MEXICO CITY — On Sunday, a seemingly endless stream of women marched down the city’s main thoroughfare and swelled into its central square, calling for justice.
On Monday, thousands of them had vanished from Mexico City, their presence in subways, supermarkets, and around school campuses only a sliver of their usual number.
The unprecedented strike came amid a growing number of femicides, or hate killings of women. Two high-profile cases last month — a woman who was disemboweled by her partner with a kitchen knife and a seven-year-old girl who was kidnapped and killed — outraged Mexican women, prompting an extraordinary day of reckoning for the country of 120 million people.
Women-only subway cars were nearly empty during morning rush hour. Some banks and health food stores were closed, with signs announcing support for the strike posted on the doors. At a bookstore near the historic center of the capital, none of the 10 women employees had gone in to work — and their male counterparts said they were content picking up the slack. “It’s necessary for machistas to take a moment to become aware of their actions,” said Ricardo Hernández, 21, an employee of the Gandhi bookstore.
The Universidad Iberoamericana, a private university, hosted a series of conferences on the importance of women in the economy and the “deconstruction of masculinity” — for male students.
At a Hilton Hotel, male employees wore purple ribbons on their suit jackets in support of the strike. The hashtag #UnDiaSinMujeres, or A Day Without Women, trended on Twitter all morning.
The movement posed a monumental challenge to President Andrés Manuel López Obrador, who failed to understand its magnitude, calling it instead an effort by his political opponents to tarnish his deteriorating image. López Obrador’s approval rating fell more than 11 points between February 2019 and last month, according to the polling company Consulta Mitofsky.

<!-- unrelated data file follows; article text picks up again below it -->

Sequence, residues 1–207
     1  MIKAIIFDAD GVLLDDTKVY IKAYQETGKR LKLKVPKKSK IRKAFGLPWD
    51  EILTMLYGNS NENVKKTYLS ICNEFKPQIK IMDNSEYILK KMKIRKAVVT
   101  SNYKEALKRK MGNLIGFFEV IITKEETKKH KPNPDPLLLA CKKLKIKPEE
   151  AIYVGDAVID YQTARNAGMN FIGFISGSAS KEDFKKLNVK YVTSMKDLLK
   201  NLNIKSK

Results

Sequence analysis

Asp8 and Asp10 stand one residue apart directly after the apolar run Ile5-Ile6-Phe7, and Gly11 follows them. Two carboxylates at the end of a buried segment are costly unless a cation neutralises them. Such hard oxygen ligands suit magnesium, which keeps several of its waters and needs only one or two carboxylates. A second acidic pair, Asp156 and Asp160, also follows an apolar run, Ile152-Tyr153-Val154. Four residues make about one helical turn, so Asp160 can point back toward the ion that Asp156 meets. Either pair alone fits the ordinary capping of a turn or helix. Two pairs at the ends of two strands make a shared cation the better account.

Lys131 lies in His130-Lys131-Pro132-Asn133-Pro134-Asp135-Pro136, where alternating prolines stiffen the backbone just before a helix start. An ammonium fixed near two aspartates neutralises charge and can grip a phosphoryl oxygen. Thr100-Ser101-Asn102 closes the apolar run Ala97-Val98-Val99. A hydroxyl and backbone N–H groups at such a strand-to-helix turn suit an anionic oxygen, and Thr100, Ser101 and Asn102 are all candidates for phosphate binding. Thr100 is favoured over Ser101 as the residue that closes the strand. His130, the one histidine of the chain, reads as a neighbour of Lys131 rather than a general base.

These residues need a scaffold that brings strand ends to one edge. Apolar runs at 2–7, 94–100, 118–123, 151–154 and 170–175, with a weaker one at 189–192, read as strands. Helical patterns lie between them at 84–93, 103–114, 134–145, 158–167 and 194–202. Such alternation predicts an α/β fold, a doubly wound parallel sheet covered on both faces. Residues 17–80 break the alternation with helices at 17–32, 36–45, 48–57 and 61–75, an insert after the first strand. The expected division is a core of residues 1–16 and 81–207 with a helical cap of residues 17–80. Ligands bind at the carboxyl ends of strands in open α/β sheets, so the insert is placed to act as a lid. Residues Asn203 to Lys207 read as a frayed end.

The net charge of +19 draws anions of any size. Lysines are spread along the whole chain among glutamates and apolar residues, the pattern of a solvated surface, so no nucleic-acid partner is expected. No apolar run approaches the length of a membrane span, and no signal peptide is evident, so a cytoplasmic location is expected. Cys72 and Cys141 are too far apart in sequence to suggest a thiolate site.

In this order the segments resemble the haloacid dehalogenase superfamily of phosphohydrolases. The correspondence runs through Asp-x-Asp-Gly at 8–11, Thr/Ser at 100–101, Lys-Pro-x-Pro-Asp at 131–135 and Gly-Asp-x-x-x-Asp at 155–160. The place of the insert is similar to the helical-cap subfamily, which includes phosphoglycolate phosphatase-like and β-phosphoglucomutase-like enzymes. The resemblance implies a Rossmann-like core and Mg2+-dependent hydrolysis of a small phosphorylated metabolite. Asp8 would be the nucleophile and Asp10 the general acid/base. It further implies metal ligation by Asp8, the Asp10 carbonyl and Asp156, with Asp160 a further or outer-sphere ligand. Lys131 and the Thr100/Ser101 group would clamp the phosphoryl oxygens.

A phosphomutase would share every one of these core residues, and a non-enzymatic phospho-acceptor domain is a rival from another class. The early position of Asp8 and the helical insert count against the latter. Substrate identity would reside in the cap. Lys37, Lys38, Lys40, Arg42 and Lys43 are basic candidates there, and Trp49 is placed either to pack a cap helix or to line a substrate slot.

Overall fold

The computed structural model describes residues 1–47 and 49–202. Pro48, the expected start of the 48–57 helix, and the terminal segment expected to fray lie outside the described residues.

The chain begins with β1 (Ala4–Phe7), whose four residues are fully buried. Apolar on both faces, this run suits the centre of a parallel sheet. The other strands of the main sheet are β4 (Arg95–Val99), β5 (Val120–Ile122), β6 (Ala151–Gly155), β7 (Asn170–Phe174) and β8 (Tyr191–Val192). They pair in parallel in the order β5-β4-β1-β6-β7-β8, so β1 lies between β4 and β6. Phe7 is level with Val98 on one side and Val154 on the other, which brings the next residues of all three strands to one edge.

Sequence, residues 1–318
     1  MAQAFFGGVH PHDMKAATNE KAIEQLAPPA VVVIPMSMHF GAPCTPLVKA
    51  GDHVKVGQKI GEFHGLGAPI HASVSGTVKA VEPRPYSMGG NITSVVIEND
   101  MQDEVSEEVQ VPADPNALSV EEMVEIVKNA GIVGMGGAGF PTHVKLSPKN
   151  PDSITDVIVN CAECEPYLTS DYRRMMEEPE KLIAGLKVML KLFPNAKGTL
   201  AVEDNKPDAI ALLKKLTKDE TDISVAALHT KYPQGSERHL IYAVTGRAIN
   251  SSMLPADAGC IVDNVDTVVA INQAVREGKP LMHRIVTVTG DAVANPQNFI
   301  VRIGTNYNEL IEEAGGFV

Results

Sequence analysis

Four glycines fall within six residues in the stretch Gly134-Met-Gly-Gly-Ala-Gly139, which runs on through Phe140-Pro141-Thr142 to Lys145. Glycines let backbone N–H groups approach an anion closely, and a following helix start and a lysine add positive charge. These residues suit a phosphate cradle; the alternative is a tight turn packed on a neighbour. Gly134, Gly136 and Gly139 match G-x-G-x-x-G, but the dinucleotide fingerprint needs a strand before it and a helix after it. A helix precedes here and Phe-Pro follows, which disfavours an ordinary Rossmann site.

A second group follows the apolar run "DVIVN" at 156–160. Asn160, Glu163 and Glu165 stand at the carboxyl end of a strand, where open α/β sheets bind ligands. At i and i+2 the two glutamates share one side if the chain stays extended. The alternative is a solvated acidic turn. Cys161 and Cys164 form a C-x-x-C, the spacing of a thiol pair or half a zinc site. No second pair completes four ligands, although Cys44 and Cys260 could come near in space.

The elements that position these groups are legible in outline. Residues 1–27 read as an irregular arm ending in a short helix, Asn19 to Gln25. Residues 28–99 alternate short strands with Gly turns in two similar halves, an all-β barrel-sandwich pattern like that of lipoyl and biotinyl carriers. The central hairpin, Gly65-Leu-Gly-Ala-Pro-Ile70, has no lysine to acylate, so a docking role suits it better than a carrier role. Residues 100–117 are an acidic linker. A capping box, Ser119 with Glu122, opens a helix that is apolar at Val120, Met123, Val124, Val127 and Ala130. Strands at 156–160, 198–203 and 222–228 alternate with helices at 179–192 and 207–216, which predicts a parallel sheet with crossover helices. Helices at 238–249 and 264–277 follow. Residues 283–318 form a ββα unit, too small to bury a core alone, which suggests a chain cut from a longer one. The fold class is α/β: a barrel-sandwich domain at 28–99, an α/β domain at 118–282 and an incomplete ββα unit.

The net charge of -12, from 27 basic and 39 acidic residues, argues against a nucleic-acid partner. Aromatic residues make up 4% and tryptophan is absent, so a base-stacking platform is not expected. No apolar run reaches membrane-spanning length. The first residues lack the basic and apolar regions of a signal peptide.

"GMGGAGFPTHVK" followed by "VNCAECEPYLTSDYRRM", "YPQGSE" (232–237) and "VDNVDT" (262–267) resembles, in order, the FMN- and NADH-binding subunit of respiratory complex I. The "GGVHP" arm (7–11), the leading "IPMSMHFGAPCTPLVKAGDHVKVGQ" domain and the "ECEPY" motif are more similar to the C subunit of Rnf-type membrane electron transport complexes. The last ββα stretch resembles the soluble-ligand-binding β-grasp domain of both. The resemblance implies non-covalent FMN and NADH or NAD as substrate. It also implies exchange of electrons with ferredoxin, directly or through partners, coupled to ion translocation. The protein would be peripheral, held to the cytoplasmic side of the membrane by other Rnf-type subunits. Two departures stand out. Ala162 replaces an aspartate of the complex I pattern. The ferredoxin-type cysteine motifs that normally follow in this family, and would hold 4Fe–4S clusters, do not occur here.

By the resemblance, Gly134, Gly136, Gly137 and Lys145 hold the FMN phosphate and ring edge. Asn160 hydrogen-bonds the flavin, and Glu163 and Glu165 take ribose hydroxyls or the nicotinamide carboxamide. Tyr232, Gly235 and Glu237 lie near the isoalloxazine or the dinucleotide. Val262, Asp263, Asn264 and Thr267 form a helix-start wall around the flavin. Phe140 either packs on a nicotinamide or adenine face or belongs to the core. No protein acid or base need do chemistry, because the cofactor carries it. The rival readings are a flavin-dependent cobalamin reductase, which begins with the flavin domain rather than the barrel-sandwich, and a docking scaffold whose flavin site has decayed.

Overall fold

As women’s anger has risen, so have his administration’s missteps. The head of Mexico’s Public Administration Secretary, Irma Sandoval, suggested women should strike outdoors instead of at home, where they might “be tempted to wash dishes.” During a morning press conference last week, a woman reporter asked López Obrador to protect her against a male colleague who had told her he wished she was gunned down.
“We’d have to hear your colleague's version,” López Obrador responded. “Why not forgive each other?”
Femicides rose nearly 10% between 2018 and 2019, according to government data. Growing anger among women hit a peak last month, after photographs of Ingrid Escamilla’s mutilated body were splashed on tabloid covers. Escamilla, 25, had been skinned by the man she lived with. Days later, the body of Fátima Aldrighett, 7, was discovered inside a plastic bag. She had been abducted outside her school, sexually assaulted and killed.